Quality’s ROI is high
Accreditation, while not cheap, will in most cases eventually pay for itself financially. The public recognizes that certification increases the trust factor and the value of stock prices."You start s...
Accreditation, while not cheap, will in most cases eventually pay for itself financially. The public recognizes that certification increases the trust factor and the value of stock prices.
“You start seeing payback within two years, and after that it’s gravy,” says Norfolk. “A large company may see cost recovery in a year.”
“It pays for itself very quickly in terms of customer satisfaction,” says Lamko’s Boyachek.
“Our reworking and errors have gone down, although we haven’t quantified it,” he says.
For Tristar Plastics, the recent May 3-4 final audit for ISO 9002 and the plans for further accreditation have been welcome investments.
“It becomes easy to dedicate resources when you see the drive coming from ground up,” says Nagothu.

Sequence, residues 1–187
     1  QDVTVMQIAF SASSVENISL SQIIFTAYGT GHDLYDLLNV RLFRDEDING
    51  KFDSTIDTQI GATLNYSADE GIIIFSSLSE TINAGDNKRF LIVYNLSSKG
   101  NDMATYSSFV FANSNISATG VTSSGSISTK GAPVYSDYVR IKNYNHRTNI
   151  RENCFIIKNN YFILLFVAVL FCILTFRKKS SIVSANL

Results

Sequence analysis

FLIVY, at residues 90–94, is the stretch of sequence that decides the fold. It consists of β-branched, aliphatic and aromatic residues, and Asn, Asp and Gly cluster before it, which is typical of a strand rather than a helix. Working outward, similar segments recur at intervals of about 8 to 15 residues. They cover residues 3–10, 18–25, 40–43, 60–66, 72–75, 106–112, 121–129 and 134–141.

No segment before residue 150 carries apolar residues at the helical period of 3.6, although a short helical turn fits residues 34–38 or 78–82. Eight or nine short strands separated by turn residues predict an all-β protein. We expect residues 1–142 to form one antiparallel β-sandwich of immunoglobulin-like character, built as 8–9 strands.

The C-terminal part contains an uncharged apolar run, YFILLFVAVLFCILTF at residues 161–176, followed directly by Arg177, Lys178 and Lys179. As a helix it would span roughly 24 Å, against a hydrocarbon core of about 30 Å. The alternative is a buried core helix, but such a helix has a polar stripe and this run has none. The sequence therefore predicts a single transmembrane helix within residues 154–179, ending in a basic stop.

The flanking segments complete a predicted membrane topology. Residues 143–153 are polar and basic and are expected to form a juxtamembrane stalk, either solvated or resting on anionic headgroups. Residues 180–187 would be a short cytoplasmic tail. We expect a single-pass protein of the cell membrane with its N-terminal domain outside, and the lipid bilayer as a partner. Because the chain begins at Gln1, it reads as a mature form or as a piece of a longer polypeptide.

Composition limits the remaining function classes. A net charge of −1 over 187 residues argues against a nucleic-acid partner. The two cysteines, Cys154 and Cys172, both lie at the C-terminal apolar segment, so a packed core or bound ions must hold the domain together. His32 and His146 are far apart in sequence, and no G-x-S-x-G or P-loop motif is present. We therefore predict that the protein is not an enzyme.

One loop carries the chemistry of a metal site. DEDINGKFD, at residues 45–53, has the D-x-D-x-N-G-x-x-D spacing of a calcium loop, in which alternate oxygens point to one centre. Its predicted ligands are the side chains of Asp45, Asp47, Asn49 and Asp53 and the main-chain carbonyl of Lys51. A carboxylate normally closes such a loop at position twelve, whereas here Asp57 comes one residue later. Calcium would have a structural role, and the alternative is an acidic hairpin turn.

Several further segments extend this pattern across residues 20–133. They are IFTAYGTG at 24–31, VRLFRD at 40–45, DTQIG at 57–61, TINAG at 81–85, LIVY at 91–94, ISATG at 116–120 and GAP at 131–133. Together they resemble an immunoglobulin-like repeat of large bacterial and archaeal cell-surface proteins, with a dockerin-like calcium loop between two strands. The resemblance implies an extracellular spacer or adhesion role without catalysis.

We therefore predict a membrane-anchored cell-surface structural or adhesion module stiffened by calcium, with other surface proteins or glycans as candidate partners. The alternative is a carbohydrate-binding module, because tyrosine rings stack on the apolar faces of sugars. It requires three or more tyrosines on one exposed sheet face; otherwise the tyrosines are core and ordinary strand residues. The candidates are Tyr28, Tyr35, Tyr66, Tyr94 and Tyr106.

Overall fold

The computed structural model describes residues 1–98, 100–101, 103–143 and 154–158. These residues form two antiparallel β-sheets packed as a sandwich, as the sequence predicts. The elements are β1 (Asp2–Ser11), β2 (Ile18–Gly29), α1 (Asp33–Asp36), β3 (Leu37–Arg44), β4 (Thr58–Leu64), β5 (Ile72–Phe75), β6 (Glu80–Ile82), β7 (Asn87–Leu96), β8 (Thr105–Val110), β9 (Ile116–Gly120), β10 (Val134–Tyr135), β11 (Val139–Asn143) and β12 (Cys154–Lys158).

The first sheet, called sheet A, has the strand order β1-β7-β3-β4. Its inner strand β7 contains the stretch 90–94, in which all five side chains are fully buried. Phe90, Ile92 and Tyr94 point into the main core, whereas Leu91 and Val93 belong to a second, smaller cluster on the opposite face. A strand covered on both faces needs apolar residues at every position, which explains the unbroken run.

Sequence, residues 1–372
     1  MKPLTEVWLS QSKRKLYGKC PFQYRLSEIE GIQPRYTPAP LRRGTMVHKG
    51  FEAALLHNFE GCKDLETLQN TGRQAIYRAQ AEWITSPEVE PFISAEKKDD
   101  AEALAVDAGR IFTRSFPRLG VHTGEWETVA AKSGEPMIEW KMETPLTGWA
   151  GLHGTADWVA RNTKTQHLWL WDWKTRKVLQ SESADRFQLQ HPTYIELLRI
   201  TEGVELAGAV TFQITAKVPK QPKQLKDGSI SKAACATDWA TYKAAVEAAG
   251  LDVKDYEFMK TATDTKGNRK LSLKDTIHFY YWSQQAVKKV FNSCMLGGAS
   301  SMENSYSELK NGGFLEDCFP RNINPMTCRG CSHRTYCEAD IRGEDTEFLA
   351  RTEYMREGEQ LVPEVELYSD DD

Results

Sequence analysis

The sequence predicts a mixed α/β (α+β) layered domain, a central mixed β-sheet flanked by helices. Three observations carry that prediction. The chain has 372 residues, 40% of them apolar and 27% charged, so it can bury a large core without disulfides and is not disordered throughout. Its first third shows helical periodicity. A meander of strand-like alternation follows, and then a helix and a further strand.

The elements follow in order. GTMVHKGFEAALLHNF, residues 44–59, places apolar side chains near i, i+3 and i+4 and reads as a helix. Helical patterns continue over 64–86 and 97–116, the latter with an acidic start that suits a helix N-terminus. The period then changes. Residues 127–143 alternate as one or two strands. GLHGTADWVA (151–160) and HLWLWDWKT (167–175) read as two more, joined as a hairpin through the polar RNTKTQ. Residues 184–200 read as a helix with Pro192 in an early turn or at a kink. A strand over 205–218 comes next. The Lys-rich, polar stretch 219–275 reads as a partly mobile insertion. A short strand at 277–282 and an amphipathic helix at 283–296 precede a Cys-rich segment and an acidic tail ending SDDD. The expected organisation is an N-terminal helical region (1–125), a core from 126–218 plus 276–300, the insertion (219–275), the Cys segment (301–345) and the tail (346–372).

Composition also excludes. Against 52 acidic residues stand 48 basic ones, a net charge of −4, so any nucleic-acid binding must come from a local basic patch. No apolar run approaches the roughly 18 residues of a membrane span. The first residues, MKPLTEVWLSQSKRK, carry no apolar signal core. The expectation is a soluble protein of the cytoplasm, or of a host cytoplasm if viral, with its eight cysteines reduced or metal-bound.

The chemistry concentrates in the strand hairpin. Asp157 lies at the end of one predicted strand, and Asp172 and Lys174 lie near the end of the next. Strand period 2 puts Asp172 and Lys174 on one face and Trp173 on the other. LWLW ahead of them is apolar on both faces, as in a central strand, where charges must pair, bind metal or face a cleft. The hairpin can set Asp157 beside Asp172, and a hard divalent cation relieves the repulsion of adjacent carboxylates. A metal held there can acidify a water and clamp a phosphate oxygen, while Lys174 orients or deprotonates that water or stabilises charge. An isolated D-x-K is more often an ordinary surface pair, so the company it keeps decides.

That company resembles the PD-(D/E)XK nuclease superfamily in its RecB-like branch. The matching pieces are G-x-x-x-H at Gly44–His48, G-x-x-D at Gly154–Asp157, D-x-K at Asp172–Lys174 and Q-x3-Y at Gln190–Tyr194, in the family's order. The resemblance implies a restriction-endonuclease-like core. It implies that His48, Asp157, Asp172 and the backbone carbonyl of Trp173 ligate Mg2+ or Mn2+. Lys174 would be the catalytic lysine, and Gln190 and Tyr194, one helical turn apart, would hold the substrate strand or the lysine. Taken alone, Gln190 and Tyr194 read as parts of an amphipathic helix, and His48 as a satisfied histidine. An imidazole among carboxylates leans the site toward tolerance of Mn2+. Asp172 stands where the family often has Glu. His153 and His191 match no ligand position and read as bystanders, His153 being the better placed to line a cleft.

Initial employee resistance can sometimes be a problem for a company, but once over the hump of initial implementation, this also tends to improve.
“When I first came here, people complained about procedures”, says Boyachek. “So I defined and documented procedures. For example, the twelve steps to making a mold. Now there are quality control checklists in place after each step.” The idea of now being able to prove that a certain step has been taken is appreciated, as well as the reduced reworking costs and the number of tryouts required to test the molds.
“The general reaction (among employees) is once seen in action, certification procedures work well. It takes awhile to get over the hump. People fear change,” says Norfolk. The key factor is that a quality program shouldn’t be an unwanted imposition, but a welcome change.
“When you’re implementing a quality program you’re doing it because it’s a good idea,” Norfolk says. “It’s the conviction that counts. When you go in kicking and screaming, it’s going to show.”